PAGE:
Chinese parents lose daughter to US couple
An American couple has won custody of a 5-year-old Chinese girl who became the subject of a tug-of-war between her foster and biological parents, ending a four-year fight that drew international attention.
Childers said the girl's biological parents, Shaoqiang and Qin Luo He, are in the United States illegally and have used the custody fight over their daughter to avoid deportation.
"Both Mr. and Mrs. He have shown themselves to be persons who do not consider themselves bound by the rule of law," Childers said Wednesday in nullifying the Hes' parental rights.
Childers rejected arguments by the Hes that they put Anna Mae in what they thought was temporary foster care in 1999 because of financial and legal hardships. The judge said the child's best interest is served by staying with the family she has become to regard as her own.
The Hes, who face possible deportation, vowed to appeal, and a citizens group, the Greater Memphis United Chinese Association, promised to continue helping them pay legal bills.
"This is a typical travesty of justice," said Shaoqiang He after hearing news of the decision. Next to him, his wife cried uncontrollably as she held her two younger children.
The trial was scrutinized by Chinese-Americans and Chinese citizens across the United States. The Chinese embassy in Washington sent representatives to pretrial hearings and wrote to the Tennessee courts seeking assurance the Hes would be treated fairly.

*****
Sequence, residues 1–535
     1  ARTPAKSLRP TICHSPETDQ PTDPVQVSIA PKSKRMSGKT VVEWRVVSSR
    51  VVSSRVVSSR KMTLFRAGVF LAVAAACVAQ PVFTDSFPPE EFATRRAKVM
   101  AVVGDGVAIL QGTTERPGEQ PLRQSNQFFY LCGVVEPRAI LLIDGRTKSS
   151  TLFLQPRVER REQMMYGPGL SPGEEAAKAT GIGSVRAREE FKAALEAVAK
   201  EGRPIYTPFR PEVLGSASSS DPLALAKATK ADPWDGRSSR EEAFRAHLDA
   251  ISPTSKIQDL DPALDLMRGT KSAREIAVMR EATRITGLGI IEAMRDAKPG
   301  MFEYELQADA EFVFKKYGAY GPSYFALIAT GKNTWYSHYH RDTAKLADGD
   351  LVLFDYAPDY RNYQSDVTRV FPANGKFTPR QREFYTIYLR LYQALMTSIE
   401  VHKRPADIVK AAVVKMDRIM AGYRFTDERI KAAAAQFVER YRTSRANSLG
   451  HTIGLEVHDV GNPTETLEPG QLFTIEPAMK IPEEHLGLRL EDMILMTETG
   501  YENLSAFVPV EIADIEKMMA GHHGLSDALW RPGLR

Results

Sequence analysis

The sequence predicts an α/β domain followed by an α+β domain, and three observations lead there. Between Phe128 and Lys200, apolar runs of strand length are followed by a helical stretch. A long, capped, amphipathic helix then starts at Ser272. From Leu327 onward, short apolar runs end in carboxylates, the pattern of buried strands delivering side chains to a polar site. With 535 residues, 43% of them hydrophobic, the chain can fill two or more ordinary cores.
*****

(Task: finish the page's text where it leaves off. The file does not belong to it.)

The Bakers argued that Anna Mae has become part of their family, which includes four biological children, and taking her away would be emotionally devastating for her.
"We're so relieved and proud that Anna is going to be allowed to wake up in the same bed that she woke up in since she was 3 weeks old," Jerry Baker said. "One day, we're going to be allowed to walk her down an aisle when she gets married."
Childers said Shaoqiang He admitted lying about his income under oath in a December 2002 deposition and also lied on a visa application for Anna Mae's mother.
The judge also said Qin Luo He was "unstable" and demonstrated a pattern of irrational behavior. He cited how she would begin sobbing when asked difficult questions but regained composure for others.
"Mrs. He's courtroom hysterics were calculated," Childers said.
The judge also cited China's "one-child-per-family" policy in his ruling, noting that families with more than one child in China were subject to financial penalties and the loss of government benefits.
Shaoqiang He came to Tennessee to work on a Ph.D. in business at the University of Memphis. His trouble began in 1998 when he was accused of sexual assault by another student.
He was eventually acquitted, but the university had already taken away his scholarship and stipend. The government revoked his visa and started deportation proceedings, which were put on hold because of the custody fight.
The Hes say they were forced to find help caring for Anna Mae because they were out of work and faced large legal and medical bills.